Important Cybersecurity Tips for Small Businesses
High-profile cyberattacks at large companies have generated national headlines and raised awareness for the growing threat of cybercrime. Despite these attacks, almost half of Canadian small businesses say they do not allocate any portion of their annual operating budget to cybersecurity, according to a survey conducted by the Insurance Bureau of Canada.
Last year, 41 per cent of small businesses that suffered a cyberattack reported it cost them at least $100,000. Additionally, only 51 per cent of small businesses surveyed have important data backed up or archived. Many small businesses put off making necessary improvements to their cybersecurity protocols until it was too late because of the upfront cost. While it’s true that some cybersecurity efforts can be expensive and time-consuming, many cost-effective steps can be taken right now.
The following is a list of easily implementable security procedures for small business owners:
- Train employees in cybersecurity principles.
- Install, use and regularly update antivirus and antispyware software on every computer used for the business.
- Use a firewall when connecting to the internet.
- Download and install software updates for all computer operating systems and applications as they become available.
- Make backup copies of important business data and information.
- Control physical access to all computers and network components.
- Secure all Wi-Fi networks. If there is a Wi-Fi network for the workplace, make sure it is secure and hidden.
- Require individual user accounts for each employee.
- Limit employee access to data and information, and limit authority to install software.
- Regularly change passwords.
When receiving a strange email, take a look at the sender’s email. While the name might look legitimate, the email itself might have some clues. Phishing email addresses are often misspelt or do not match the normal naming structure of the organization from which it is pretending to be.
Contact The Hull Group today to learn more about prioritizing cybersecurity.
How to Secure Important Data
When using a computer, tablet or phone for personal or professional use, there are most likely going to be important files, photos, data and documents that users want to protect. Whether they are sensitive documents, sentimental photos or important work projects, securing data is the easiest way to keep them safe.
Follow these tips to protect the files that matter most:
- Keep files organized. Arrange files and documents using folders and subfolders. This will make it easier to find files and keep track of which are backed up.
- Choose a backup solution. There are a few different options to back up files. The following are the most popular:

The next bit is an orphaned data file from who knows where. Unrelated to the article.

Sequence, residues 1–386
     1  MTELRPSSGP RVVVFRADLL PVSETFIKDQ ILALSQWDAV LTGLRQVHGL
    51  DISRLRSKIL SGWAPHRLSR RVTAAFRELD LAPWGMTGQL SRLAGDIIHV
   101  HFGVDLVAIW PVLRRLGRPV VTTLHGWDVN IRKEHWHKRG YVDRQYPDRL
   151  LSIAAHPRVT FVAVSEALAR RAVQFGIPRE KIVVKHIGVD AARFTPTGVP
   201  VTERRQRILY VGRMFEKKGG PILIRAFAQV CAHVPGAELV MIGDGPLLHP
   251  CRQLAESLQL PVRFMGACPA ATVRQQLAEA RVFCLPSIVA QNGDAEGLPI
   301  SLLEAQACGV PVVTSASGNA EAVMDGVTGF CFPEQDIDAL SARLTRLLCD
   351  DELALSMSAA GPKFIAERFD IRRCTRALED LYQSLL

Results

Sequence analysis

- Cloud storage saves files, documents and photos to a remote database. A cloud storage service may come standard with the operating system of a computer or device. Cloud storage is convenient, but it can also be expensive and requires an internet connection.
- External storage—such as hard drives, USB flash drives or memory cards—are devices that can be connected to computers or other devices to store additional copies of files, documents and photos.
For extra peace of mind, files and documents can be backed up in more than one location. That way, if one method is compromised, the data will still be somewhere else.
- Back up important files. Once a backup method has been chosen, it’s time to decide what’s important enough to be backed up and to do it. These could be files like family photos, school projects, work files or financial documents.
- Set a schedule. Set a reminder to back up data at least once a week.
- Protect backups. Even backups need protecting. When possible, enable passwords or use encryption security on cloud or physical backups. It is also a good idea to keep backup storage separate from computers to minimize the chances of it being stolen or destroyed.
Contact us today to learn more about staying protected from cyberthreats.
Tips to Avoid QR Code Scams
QR codes have become more popular as a way to provide contactless communication. For example, many restaurants have QR codes available at tables to access menus instead of using physical copies. A QR code is a machine-readable code consisting of an array of black and white squares, typically used for storing URLs or other information by the camera on a smartphone. While convenient, this technology can also be dangerous.
The following are some tips for avoiding QR code scams:
- If it’s unclear where the QR code was sent from, contact the supposed sender to verify its legitimacy.
- Look out for URL-shortened links that appear after scanning a QR code, which can hide malicious URLs.
- Use a mobile defence solution that blocks phishing attempts, exploits, phone takeovers and unauthorized downloads.
- Embrace multifactor authentication in place of password access to applications and cloud resources.
Contact us today to learn more about mobile data protection.